Although there were difficulties, Marek commented that “I think ultimately the project grew off the commitment and passion of the people that believed in it. As trite as that might sound, you can`t get a low budget film off the ground without many, many people sacrificing quite a lot for very little financial compensation. The film seemed to take on a life of its own over the years, and I think that fed back into the commitment of the people involved. So, yeah, it was hard, especially for the lead actress, Kylie, but she did an amazing job over the years, all the principle actors did.”
They started editing about a week before the end of the final shoot block in February 2010. The editor Patrick McCabe had worked with producer Kate Pappas at Renegade Films (where she works in the factual department) on a few projects and she thought he might fit with the synergy of the people involved. He “turned out to be perfect,” she said. He also supervised the post-production work.
Marek described how he and Patrick spent “about a year (minus three months when he took a job editing Offspring) sitting in a room together and piecing together over 3 years of footage. It was a gruelling and wonderful experience. I don`t think editors often get that long to grow into a film.”
He added that “the density of Martyn`s script meant that there were many permutations of the film, many forms that it could take. It took about a year to get it to the point where we felt that we found the film.” They began working on the sound about four years ago with the sound composer, “so towards the end of the edit we started to bring the two processes together. Sound composition then took over full time from about February of this year, and lasted right up until the middle of July before we flew off to Fantasia.”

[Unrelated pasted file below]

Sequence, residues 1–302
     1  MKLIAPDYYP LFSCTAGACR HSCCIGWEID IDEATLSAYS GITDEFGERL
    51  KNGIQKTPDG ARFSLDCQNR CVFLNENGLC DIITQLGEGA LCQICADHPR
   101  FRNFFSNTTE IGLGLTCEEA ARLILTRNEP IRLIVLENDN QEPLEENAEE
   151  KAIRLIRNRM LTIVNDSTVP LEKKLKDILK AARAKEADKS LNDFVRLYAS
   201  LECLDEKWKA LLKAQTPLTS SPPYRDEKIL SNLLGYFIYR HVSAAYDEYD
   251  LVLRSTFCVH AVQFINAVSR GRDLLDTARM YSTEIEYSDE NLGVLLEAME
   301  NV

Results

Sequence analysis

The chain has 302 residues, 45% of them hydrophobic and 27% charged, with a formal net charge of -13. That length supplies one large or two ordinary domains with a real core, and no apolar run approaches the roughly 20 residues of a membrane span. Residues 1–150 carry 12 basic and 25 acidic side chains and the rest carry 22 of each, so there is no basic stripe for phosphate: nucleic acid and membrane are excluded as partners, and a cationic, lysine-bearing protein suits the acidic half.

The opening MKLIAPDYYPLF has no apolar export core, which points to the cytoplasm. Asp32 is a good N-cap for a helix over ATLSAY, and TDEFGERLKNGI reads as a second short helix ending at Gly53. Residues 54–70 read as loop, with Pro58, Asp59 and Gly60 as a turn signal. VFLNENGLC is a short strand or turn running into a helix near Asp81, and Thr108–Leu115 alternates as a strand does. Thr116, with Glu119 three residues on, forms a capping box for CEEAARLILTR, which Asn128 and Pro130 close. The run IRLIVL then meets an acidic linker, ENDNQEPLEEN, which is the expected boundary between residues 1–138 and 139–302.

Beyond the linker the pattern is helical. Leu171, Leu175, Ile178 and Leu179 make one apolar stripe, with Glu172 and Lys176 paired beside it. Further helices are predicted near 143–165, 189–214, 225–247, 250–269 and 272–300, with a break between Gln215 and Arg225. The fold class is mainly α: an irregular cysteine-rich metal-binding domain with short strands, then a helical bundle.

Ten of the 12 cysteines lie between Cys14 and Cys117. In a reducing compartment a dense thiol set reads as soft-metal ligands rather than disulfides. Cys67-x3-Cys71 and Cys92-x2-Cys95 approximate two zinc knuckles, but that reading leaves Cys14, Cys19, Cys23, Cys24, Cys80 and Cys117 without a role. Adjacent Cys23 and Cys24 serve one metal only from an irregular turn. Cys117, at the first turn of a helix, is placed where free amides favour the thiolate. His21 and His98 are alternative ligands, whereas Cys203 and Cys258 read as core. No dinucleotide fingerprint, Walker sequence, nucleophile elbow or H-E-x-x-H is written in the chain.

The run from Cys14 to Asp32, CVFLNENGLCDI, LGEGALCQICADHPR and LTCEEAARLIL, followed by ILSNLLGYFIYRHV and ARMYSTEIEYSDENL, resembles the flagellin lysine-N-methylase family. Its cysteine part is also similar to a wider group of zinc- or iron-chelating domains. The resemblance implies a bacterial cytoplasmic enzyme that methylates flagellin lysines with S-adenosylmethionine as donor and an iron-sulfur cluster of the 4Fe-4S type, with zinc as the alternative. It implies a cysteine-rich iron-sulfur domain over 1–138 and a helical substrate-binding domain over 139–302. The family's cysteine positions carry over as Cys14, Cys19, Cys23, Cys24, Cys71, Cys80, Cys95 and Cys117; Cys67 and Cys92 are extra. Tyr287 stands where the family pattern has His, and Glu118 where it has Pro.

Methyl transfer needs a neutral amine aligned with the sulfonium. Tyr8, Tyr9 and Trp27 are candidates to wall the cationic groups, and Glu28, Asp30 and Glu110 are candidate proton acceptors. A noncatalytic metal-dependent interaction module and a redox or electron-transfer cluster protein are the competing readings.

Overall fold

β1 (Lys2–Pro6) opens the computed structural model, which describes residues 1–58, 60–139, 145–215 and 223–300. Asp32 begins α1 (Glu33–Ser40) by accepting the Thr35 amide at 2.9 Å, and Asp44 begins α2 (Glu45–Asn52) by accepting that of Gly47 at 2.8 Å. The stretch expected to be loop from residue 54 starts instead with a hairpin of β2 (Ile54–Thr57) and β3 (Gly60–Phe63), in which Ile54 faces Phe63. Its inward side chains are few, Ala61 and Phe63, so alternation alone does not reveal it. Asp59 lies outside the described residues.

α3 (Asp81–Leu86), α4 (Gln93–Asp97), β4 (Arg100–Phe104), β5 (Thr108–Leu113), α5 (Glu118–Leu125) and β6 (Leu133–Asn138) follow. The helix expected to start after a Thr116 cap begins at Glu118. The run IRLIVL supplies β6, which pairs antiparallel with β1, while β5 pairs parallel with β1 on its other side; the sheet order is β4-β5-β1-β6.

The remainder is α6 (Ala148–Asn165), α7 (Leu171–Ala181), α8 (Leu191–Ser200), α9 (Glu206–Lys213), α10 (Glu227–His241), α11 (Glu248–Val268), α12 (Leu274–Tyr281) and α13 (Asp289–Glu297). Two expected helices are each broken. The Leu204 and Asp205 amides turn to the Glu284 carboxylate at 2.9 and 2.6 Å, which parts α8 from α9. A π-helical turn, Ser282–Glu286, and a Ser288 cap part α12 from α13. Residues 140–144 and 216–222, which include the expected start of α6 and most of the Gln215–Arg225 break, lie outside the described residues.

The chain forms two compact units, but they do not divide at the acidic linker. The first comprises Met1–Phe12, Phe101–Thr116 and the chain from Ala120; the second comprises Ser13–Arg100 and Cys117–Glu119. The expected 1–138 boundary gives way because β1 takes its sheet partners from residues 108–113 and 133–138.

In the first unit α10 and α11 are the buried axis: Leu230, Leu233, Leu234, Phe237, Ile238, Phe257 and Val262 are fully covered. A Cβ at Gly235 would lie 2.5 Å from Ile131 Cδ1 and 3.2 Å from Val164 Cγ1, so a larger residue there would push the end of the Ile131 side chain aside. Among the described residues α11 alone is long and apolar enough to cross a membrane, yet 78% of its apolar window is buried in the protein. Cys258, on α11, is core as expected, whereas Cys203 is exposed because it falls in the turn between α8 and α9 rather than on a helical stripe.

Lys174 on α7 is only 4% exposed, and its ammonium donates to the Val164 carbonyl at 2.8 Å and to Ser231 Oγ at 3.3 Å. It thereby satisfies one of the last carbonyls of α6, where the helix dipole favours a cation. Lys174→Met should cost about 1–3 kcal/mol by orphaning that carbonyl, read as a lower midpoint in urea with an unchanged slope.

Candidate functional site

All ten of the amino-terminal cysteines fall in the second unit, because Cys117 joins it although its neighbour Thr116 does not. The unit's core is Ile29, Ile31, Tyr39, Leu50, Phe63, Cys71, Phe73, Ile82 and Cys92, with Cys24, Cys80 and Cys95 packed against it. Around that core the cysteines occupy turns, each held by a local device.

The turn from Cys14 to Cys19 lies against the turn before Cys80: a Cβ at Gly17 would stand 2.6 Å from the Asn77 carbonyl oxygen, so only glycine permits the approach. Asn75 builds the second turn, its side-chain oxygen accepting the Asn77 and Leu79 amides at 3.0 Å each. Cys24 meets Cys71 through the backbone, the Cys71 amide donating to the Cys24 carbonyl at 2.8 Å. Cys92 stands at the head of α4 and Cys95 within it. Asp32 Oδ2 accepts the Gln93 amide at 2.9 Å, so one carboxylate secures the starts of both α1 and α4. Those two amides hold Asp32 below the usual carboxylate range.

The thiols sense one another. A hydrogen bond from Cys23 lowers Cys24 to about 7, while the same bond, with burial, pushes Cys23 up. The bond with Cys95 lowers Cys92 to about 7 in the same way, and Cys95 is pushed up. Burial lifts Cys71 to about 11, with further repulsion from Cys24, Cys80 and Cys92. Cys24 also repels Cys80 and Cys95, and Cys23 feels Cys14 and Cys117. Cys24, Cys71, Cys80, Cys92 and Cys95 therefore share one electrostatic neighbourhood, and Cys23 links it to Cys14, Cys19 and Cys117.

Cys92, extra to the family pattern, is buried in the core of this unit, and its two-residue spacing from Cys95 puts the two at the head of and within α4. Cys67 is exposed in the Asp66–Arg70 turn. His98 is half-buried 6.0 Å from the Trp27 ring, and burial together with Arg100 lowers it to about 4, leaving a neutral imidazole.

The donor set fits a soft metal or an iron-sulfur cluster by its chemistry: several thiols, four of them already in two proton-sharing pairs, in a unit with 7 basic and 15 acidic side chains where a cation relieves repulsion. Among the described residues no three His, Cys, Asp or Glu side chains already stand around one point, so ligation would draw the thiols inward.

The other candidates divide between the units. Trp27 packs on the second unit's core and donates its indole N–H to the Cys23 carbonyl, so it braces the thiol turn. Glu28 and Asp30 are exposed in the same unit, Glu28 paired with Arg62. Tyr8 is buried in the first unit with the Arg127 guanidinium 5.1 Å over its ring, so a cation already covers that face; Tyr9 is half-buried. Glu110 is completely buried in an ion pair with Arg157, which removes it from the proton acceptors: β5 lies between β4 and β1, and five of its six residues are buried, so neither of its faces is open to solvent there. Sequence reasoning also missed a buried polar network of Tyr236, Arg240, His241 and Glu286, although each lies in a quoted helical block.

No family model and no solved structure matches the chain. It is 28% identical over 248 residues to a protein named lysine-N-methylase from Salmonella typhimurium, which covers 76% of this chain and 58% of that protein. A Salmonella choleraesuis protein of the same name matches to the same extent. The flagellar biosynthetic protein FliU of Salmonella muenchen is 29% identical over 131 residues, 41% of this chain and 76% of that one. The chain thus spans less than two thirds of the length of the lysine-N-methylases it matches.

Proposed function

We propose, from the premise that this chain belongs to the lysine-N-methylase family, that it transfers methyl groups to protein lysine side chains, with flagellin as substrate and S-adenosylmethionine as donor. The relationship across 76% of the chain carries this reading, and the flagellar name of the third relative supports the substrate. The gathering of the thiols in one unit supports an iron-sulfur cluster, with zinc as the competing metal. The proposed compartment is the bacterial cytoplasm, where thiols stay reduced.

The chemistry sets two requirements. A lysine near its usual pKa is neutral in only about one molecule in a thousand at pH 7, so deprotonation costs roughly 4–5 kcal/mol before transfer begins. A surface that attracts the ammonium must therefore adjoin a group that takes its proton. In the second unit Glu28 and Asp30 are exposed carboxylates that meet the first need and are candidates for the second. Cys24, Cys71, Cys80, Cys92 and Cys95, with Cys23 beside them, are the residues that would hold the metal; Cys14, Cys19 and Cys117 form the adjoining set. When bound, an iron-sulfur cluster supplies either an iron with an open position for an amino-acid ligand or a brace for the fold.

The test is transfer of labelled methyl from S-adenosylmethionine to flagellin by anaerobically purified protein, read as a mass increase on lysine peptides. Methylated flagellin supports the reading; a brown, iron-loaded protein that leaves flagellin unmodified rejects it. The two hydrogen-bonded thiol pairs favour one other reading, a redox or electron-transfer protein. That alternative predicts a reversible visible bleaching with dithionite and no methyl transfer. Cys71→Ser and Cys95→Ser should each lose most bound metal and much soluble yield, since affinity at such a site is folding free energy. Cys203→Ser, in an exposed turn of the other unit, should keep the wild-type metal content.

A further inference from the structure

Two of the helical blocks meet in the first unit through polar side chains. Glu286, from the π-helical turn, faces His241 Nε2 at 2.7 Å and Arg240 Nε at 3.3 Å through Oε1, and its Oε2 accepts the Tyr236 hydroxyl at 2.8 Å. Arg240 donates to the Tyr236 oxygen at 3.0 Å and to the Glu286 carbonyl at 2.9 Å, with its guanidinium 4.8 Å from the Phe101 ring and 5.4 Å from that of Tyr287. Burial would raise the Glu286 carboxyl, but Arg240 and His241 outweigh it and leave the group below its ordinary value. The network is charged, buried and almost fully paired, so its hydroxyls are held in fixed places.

They were also fortunate to develop a good relationship with Deluxe, and “they really went out of their way to provide talent (Stanley) and time in their colour grade suites to take the film to a very stylized end.”
They were keen to thank Paul Cross, Ian Anderson and Stanley Lopuszanski, as well as Pete Wells and Cail Young at Inspiration Studios.
The question of the target audience resulted in a one word answer from Martyn, “us.” He explained further that they’d previously been working on other targeted genre scripts, but with Exit, they wanted to “make something where we didn’t have to fit it into a box. It was an idea we were interested in exploring. It sits between the more genre pulpy films and art films. The mid-point is what makes it interesting.”
Since it was selected, they’ve been fielding emails from various distributors and Martyn commented philosophically, “we’ll see what happens next.”
Marek said “We made a film that was very personal and not really intended for a specific market out of a belief that cinema has to be a product of close relationships and passion. I think for me, for cinema that I love, that seems to be the primary element. Hopefully there is a market that responds to that sort of filmmaking. But even if there isn`t, to be honest, I feel like 90 percent of what I wanted from this process was achieved in its execution. It would be amazing if there was a response, an audience out there for the film, but the film wasn`t made to depend on that audience. And that`s really what I loved about making something like this.”
Next on the agenda is a script called The Hourglass which they’d been working on before Exit. They’re “hoping to get back to it soon,” according to Martyn, “and hoping for the money to make it.”
Film Victoria helped send them to the Fantasia Film Festival when it was selected and they arrived there yesterday. The world premiere is on Thursday night with a second screening on Saturday.
Anne Richey After four years on staff at Screen Hub, Anne Richey is working on her own scripts, far from phones and daily deadlines.